Target’s announcement in 2020 that many of its rural and regional stores would close hit many country towns like a bombshell.
In southeast NSW, Target stores in Cooma, Cootamundra, Merimbula, Nowra and Wagga Wagga have all been slated for closure in early-to-mid-2021, among other regional stores across NSW. In the ACT, the store in Weston Creek will close in early-to-mid-2021.
Additionally, Target stores in Bega, Tumut, Ulladulla and Yass will be converted to Kmarts, with a different retail profile, from early-to-mid-2021.
In addition to the potential loss of around 1300 jobs, the impact on retail and small town economies is expected to be significant.
However, some communities are fighting back.
In Cootamundra, plans are well underway to turn the current Target store into a co-operative retail venture. A steering group was established following the midyear announcement in 2020 and it has been consulting with the community on what its primary needs are and whether the idea is viable.
Surveys indicate that children’s clothes, homeware, school shoes and Manchester are among the Cootamundra community’s most urgent requirements.
The current Target site is believed to be locally owned by a businessman who is happy to lease it for the Cootamundra Co-operative venture, which would operate on a membership basis.
Community members will be asked to invest or join as members, with an initial membership rate of around $20. This would enable members to vote, to receive discounts at the store and to become part-owners.
Steering group member Des Guthrie has a wealth of local retail experience stretching more than 45 years.
Des and his wife, Mary, were Cootamundra’s citizens of the year in 2019. He believes care needs to be taken with establishing the co-op and emphasises there’s plenty of work to be done. But he can see the benefits for the community.
“The leadup work is progressing well and there’s certainly a real need for the town,” he tells Region Media. “The town needs to get behind the idea and that will ultimately determine whether it’s a success.”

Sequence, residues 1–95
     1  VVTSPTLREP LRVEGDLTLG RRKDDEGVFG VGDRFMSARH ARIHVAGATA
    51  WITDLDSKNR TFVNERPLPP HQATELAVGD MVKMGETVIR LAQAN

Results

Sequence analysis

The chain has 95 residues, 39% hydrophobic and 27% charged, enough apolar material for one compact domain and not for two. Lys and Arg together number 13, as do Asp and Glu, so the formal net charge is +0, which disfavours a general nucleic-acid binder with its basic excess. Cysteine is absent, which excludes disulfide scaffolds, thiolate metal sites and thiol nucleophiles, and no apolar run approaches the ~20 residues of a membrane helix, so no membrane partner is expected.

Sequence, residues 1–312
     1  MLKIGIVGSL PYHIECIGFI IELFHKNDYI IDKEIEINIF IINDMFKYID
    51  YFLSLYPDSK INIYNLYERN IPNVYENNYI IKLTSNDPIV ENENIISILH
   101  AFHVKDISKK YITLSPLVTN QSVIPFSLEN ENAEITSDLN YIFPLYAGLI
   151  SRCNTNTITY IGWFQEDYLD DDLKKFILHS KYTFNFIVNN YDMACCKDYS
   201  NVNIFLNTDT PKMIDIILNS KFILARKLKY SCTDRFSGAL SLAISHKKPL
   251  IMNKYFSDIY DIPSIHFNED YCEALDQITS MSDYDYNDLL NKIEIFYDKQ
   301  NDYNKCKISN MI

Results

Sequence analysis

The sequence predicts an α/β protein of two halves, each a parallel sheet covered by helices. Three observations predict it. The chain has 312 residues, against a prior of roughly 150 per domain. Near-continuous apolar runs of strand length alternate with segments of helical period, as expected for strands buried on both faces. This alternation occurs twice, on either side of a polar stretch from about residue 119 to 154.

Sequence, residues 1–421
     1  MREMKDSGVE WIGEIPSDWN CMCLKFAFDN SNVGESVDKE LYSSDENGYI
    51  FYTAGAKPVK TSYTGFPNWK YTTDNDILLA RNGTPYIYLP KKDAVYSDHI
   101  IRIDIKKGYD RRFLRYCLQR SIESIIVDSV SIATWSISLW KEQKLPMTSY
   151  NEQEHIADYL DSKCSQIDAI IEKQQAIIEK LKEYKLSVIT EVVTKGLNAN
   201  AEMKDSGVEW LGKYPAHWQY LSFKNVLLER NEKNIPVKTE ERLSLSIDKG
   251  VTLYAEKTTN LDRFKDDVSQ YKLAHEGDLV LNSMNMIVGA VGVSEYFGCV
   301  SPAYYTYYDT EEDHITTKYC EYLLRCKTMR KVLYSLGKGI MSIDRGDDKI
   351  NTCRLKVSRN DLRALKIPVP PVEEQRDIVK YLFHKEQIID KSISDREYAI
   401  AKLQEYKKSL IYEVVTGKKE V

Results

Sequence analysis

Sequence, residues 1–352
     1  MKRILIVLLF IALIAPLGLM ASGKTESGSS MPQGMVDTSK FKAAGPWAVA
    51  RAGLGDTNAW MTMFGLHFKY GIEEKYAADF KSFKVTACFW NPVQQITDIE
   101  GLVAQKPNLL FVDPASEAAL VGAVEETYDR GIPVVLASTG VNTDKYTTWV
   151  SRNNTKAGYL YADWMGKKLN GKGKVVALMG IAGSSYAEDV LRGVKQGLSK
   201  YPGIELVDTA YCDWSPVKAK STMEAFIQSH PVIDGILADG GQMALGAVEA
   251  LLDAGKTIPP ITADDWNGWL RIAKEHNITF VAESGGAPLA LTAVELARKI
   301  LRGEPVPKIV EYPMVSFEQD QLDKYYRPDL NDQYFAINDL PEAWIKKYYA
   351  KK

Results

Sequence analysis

Des says the idea is viable if the co-operative is well managed and buyers understand their local market.
“Clothing lines I sold in Cootamundra wouldn’t necessarily sell well in Temora, and vice versa,” he says of his long-running menswear business.
“The current business model for many of these chain stores means a lot of stock is purchased by buyers in Sydney. They wouldn’t have a clue what sells in a country town, and that’s been the downfall for many of these centrally managed retailers in regional areas.
“Additionally, Target will clear a lot of stock before the finish up in March. They’d be currently holding $400,000 worth or more. So it will take a while to get the customers in and to stock the shop.”
However, Des says Melbourne-based buying group Frontline operates major fairs on a twice-yearly basis for general retailers, and offers bargain buying opportunities for those who know what to look for.
Australian co-operative principles are enshrined in legislation, including democratic economic participation and care for the community. The Cootamundra Co-operative will require approval from the NSW Minister for Fair Trading and a board of directors, and adhere to an approved set of operating rules.
If successful, the co-op will join a long list of locally grown regional retailers. JB Young, which was established in Canberra, opened stores across southern NSW after taking over Goulburn-based retailers Charles Rogers & Sons. JB Young later bought out JB Meagher and Co of Cootamundra, which operated shops across the South West Slopes, while Western Stores served Central and Western NSW communities.
Des’s first retail job was with the family-run Meagher’s store in Cootamundra, and he says then manager Andrew Meagher was “the best I’ve ever worked for – a wonderful man”.
“When I went out on my own with the menswear business, Andy came over to see me and ask how I was getting on,” he adds. “I asked if I was taking business away from him. ‘You’ve taken the lot!’ he said to me.”
Des is hopeful the Cootamundra Co-op will be the next chapter of local retailing history.
“There’s certainly an opening for it,” he says. “You need a good manager and you need to buy right to sell right. I only wish I was 30 years old again and I’d do it myself.”